Kahn: I think I first came across the piece in undergrad, when it was presented as a sort of transposition exercise. All the horn parts are written in different keys, so in a performance on modern instruments, the players have to transpose on sight. I didn’t really understand the point of each instrument being in a different key until I came to the natural horn, where the quartet takes on the texture of a classical sax quartet or a flute quartet – four instruments belonging to the same family, but by no means identical. The 1st horn in G has the bright, vibrant character of a soprano sax, while the 4th horn in low C anchors the ensemble with bass lines and rhythmic pulses like a baritone sax. I’ve performed excerpts from the piece at a natural horn workshop at Indiana University, but never the full piece.

The Grand Harmonie ensemble. Photo: courtesy of the artist.

The Grand Harmonie ensemble. Photo: courtesy of the artist.

AF: Your horn is a special instrument. Tell me about it. What’s its history? How did you come to acquire it?

Kahn: I’m extremely fortunate to be able to play on an original French natural horn from Gallay’s time. The horn was made by Halary, one of the best-reputed French makers, around 1830. It has a full set of crooks allowing me to play in all the keys required in orchestral and chamber music, and the bell is hand-painted with much of the design intact. I’m not sure exactly where the horn has been between the 19th century and the 20th century, but it ended up in the hands of a collector in Pennsylvania. After borrowing the horn for several performances, most recently for Grand Harmonie’s performances of Mozart’s Gran Partita, I acquired it permanently last November as an engagement present from my fiancée. Playing on an original instrument – as opposed to a replica – is a fascinating experience, since there are numerous intonation quirks which give the instrument character, but are not what one would theoretically expect in terms of specific notes being flat or sharp. It’s an instrument for special occasions, and the performance of the Gallay quartet is certainly one of them!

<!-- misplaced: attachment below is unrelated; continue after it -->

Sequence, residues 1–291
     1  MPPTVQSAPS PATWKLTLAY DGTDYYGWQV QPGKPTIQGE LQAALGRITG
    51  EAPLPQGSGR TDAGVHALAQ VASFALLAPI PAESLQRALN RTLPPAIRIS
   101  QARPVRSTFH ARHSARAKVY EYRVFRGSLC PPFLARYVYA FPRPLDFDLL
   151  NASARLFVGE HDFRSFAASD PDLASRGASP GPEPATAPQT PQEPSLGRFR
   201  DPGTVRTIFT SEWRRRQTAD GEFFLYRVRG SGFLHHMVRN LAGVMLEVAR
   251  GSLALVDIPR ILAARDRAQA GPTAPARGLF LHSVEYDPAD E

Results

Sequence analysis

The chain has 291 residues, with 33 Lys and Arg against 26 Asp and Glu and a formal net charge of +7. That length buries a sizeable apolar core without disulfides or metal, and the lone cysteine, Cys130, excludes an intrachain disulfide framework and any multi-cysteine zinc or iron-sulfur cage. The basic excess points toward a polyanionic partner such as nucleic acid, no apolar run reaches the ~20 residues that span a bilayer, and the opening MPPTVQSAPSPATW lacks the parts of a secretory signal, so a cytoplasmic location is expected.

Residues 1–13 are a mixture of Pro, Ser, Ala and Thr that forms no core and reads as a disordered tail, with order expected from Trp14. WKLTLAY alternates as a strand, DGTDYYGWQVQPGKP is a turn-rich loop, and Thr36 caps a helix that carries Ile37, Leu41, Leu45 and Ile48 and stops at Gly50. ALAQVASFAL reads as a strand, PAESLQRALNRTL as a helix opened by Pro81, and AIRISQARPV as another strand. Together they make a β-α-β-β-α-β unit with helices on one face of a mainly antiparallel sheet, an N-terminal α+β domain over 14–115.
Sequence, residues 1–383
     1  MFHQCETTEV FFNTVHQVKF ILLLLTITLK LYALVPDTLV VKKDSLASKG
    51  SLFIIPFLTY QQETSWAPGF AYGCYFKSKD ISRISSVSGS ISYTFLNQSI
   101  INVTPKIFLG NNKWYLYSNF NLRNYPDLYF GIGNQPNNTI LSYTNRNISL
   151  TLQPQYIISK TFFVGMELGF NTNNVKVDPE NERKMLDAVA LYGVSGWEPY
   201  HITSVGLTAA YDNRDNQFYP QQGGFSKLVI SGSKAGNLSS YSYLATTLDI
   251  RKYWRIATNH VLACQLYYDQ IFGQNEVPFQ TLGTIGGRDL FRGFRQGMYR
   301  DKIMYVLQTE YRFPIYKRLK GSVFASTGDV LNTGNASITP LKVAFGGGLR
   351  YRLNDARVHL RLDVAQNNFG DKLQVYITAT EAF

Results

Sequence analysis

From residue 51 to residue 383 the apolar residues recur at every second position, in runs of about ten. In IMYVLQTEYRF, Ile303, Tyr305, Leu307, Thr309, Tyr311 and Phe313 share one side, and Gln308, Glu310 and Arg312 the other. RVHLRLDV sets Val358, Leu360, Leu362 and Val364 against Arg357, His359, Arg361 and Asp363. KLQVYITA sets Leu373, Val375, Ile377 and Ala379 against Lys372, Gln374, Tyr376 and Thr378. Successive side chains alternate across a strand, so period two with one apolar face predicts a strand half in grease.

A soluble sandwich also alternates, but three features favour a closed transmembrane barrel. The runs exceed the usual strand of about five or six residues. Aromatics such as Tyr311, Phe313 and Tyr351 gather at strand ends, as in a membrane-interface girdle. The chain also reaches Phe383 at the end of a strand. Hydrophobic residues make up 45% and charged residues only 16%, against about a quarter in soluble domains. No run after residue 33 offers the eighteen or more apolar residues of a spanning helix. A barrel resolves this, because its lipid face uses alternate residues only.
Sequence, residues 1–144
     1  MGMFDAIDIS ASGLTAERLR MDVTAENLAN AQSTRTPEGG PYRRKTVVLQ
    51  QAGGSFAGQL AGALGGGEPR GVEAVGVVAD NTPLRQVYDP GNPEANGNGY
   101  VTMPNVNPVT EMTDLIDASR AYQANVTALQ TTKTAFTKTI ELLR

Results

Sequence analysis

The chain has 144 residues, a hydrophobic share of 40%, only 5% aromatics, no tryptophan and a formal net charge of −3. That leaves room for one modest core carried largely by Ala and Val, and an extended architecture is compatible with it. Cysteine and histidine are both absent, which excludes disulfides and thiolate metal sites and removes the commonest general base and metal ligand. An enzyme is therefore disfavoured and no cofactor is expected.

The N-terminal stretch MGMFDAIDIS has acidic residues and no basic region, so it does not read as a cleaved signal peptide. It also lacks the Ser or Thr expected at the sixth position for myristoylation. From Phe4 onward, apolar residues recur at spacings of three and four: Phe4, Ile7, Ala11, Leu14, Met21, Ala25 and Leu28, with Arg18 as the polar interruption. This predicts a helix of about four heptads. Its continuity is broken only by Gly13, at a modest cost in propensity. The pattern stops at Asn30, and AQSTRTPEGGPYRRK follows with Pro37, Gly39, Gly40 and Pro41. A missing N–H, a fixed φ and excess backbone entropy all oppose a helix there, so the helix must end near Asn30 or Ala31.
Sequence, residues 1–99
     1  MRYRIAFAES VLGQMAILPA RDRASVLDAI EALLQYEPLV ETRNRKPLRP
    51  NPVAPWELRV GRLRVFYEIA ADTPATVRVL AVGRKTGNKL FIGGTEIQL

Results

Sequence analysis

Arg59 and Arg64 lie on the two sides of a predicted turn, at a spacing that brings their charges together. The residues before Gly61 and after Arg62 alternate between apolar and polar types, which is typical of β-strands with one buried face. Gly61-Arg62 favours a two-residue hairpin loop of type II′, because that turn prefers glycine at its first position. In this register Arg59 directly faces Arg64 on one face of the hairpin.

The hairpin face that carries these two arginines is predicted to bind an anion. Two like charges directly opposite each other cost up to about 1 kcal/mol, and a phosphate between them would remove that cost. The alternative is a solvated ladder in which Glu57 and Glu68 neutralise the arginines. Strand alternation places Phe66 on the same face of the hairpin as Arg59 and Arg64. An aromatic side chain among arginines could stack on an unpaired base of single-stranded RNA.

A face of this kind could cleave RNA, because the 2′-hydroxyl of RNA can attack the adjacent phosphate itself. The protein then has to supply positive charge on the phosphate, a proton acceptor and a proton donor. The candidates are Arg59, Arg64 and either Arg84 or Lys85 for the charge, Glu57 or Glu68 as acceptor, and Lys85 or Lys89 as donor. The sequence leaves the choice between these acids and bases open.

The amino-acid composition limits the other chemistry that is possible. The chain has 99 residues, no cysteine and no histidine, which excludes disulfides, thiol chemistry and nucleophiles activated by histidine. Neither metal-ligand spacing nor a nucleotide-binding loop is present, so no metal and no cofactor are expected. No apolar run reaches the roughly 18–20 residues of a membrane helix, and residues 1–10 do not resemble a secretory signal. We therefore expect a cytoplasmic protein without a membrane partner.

AF: Speaking of Gallay, he seems to have been remarkably influential, especially in how his teaching and performing reputation helped hold off the acceptance of the valved horn (at least at the Paris Conservatory) until the early 20th century. As a scientist and musician, what lessons or morals do you take from the example of his influence in this regard?

Kahn: The moral for me is that technological progress is not unambiguously positive. To give a contemporary example, the quality of recorded music and audio technology has progressed to an astounding degree, such that with enough resources and the right arrangement of speakers, you could make your home sound like Symphony Hall. Of course, that’s not the same experience as attending a live concert. The French had no problem with the valved instruments per se (Berlioz advocated treating the valved horn and natural horn as two different but complementary instruments), but they were worried that the individual color and character of each note on the natural horn would be lost to the homogeneity of the valved horn. In fact, this is what has happened in contemporary horn pedagogy: students are encouraged to practice making every note sound exactly the same across several octaves, and skills like this are valued by orchestral audition committees. Gallay might have been a hard-liner by trying to forbid the valved horn, but personally, I’m glad to have discovered the natural horn and to begin to unearth aspects of his tradition. Playing on this instrument is inextricably linked with the spontaneity and risk-taking of live performance, which is what drew me to music in the first place.


Jonathan Blumhofer is a composer and violist who has been active in the greater Boston area since 2004. His music has received numerous awards and been performed by various ensembles, including the American Composers Orchestra, Kiev Philharmonic, Camerata Chicago, Xanthos Ensemble, and Juventas New Music Group. Since receiving his doctorate from Boston University in 2010, Jon has taught at Clark University, Worcester Polytechnic Institute, and online for the University of Phoenix, in addition to writing music criticism for the Worcester Telegram & Gazette